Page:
Risk & Economy » Regulation » Regulator to impose data breach fine

Regulator to impose data breach fine

New powers will see financial penalties in an effort to reduce serious data breaches. Neil Hodge reports

The UK’s data regulator will have new powers from April which will allow it to issue fines of up to £500,000 for serious breaches, as well as enabling it to conduct compulsory audits in central government departments where breaches may have occurred.

Previously, the Information Commissioner’s Office (ICO) was unable to fine an organisation for a data breach – it could only censure it for doing so. However, other regulators, such as the Financial Services Authority, have levied fines – for example, the £1.26m penalty against Norwich Union in 2007 – for failing to adequately protect customer data.

With these new powers of assessment the ICO will be better placed to provide assurances to individuals that those holding their personal information respect their privacy and do not abuse their trust. The new guidance will explain how the law applies and instruct companies to give people the right degree of choice and control over their personal information, for instance by giving them clear privacy choices or making it easier for people to erase their personal information at the end of a browsing session.

The ICO says the power to impose a financial penalty is designed to deal with the most serious personal data breaches and is part of its overall regulatory toolkit. This includes the power to serve an enforcement notice and the ability to prosecute those involved in the unlawful trade in confidential personal data.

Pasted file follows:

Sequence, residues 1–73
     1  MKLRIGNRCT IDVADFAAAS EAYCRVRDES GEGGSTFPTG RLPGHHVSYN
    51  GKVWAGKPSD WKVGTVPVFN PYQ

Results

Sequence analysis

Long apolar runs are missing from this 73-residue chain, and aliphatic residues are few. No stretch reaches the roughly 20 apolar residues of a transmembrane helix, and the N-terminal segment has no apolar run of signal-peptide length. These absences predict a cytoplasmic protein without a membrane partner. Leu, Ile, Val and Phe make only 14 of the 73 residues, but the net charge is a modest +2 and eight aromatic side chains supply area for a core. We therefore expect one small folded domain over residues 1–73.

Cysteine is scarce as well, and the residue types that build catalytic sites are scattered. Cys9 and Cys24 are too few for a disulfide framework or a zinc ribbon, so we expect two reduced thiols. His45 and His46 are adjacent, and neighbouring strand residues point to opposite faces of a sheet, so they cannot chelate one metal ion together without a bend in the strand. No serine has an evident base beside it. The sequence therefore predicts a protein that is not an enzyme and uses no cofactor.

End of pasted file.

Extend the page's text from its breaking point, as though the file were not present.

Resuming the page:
Damage or distress
The Information Commissioner primarily intends to use its power to issue assessment notices where risks are identified and data controllers are unwilling to engage voluntarily. For a business to be eligible for such a fine, the ICO must be satisfied that there has been a serious breach that was likely to cause damage or distress, that it was either deliberate or negligent and that the organisation failed to take reasonable steps to prevent it. The ICO gives the following examples:
Damage Following a security breach by a data controller, financial data is lost and an individual becomes the victim of identity fraud;
Distress Following a security breach by a data controller, medical details are stolen and an individual suffers worry and anxiety that his sensitive personal data will be made public even if his concerns do not materialise;
Deliberate A marketing company collects personal data stating it is for the purpose of a competition and then, without consent, knowingly discloses the data to populate a tracing database for commercial purposes without informing the individuals concerned.

Code of practice
To encourage organisations to co-operate with its enforcement measures, the ICO is offering to reduce any financial penalties levied by 20 percent if it receives full payment within 28 days of the notice
being served.

The ICO has also launched a consultation on a new draft code of practice which sets out the privacy watchdog’s proposed approach to using its new auditing powers. These allow the regulator to issue an assessment notice – a compulsory audit notice – if an organisation is responsible for a serious data breach.

Initially, the ICO will only be able to conduct these compulsory audits on central government departments, but it hopes to widen these powers in the future to include the private sector.

“Until now, the ICO has largely been a toothless regulator as it had no real punitive powers. That is beginning to change and organisations need to be aware of that,” says Ann Bevitt, partner and head of the EU privacy group at law firm Morrison & Foerster.

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